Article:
This chapter focuses on defining and illustrating multimedia learning of metacognitive strategies, and reviews the empirical literature on multimedia learning of metacognitive strategies. It provides suggestions for augmenting contemporary cognitive theories of multimedia learning, proposes empirically based principles for designing multimedia environments aimed at fostering metacognitive strategies, and recommends several areas for future research. The chapter specifies self-regulated learning (SRL) as a concept superordinate to metacognition that incorporates both metacognitive monitoring (i.e., knowledge of cognition or metacognitive knowledge) and metacognitive control, as well as processes related to manipulating contextual conditions and planning for future activities within a learning episode. More research on multimedia learning of metacognitive strategies is needed to determine the optimal length of various phases of training programs and their effectiveness in laboratory versus real-world settings, as well as the retention and transfer of strategies to other domains and computer-based learning environments (CBLEs).
The new 1 m f/4 fast-slew Zadko Telescope was installed in June 2008 about 70 km north of Perth, Western Australia. It is the only metre-class optical facility at this southern latitude between the east coast of Australia and South Africa, and can rapidly image optical transients at a longitude not monitored by other similar facilities. We report on first imaging tests of a pilot program of minor planet searches, and Target of Opportunity observations triggered by the Swift satellite. In 12 months, 6 gamma-ray burst afterglows were detected, with estimated magnitudes; two of them, GRB 090205 (z = 4.65) and GRB 090516 (z = 4.11), are among the most distant optical transients imaged by an Australian telescope. Many asteroids were observed in a systematic 3-month search. In September 2009, an automatic telescope control system was installed, which will be used to link the facility to a global robotic telescope network; future targets will include fast optical transients triggered by high-energy satellites, radio transient detections, and LIGO gravitational wave candidate events. We also outline the importance of the facility as a potential tool for education, training, and public outreach.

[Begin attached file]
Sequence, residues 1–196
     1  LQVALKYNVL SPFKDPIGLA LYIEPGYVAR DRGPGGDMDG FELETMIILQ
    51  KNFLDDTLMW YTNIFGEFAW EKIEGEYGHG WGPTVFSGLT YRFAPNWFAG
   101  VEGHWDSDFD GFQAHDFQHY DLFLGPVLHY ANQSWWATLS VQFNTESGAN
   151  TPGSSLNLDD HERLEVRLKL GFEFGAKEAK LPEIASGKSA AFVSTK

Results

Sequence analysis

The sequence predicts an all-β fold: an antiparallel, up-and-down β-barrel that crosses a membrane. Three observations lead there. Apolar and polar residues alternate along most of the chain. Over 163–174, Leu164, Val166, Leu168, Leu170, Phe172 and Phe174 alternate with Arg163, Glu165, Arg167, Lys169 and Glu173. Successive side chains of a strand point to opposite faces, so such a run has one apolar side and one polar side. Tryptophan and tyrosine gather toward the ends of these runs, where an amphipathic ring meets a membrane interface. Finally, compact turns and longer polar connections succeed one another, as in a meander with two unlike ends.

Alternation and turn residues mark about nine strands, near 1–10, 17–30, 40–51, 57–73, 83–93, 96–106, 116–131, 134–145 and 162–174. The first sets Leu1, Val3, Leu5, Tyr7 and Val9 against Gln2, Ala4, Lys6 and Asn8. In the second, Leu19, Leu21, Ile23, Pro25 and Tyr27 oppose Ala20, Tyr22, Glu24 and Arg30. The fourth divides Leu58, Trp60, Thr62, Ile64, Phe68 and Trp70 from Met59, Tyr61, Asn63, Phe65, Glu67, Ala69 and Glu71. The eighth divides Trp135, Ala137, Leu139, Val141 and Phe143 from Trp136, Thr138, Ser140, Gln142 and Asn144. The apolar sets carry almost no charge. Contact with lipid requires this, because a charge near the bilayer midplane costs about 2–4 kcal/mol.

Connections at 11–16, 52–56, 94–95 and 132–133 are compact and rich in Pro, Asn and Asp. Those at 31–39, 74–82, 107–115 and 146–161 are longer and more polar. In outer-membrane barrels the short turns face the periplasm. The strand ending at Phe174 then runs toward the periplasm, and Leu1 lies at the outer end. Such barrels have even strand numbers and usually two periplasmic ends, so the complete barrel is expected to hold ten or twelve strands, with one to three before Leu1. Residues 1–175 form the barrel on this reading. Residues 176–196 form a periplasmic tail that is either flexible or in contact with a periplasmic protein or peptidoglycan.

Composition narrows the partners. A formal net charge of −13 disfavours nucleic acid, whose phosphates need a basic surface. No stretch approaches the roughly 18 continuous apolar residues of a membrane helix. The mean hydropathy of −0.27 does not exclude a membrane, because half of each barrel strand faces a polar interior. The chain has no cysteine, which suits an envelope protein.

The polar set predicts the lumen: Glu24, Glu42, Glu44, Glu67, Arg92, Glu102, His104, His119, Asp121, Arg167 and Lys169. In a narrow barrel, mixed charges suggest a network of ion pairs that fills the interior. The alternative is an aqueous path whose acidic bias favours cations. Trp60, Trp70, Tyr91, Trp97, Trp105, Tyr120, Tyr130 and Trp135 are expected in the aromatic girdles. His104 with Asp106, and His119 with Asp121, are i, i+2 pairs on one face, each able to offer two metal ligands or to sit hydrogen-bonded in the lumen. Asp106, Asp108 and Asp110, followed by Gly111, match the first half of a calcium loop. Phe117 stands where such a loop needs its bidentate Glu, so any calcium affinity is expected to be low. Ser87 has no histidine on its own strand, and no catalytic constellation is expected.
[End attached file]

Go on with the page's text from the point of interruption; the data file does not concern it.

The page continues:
As archaeologists, we seek to understand variation and change in past human societies. This goal necessitates a comparative approach, and comparisons justify the broad cross-cultural and diachronic scope of our work. Without comparisons we sink into the culture-bound theorizing against which anthropology and archaeology have long sought to broaden social science research. By undertaking comparisons that incorporate long-term social variability, archaeologists not only improve our understanding of the past, but also open the door to meaningful transdisciplinary research. Archaeologists have unique and comprehensive data sets whose analysis can contribute to dialogues surrounding contemporary issues and the myriad challenges of our era.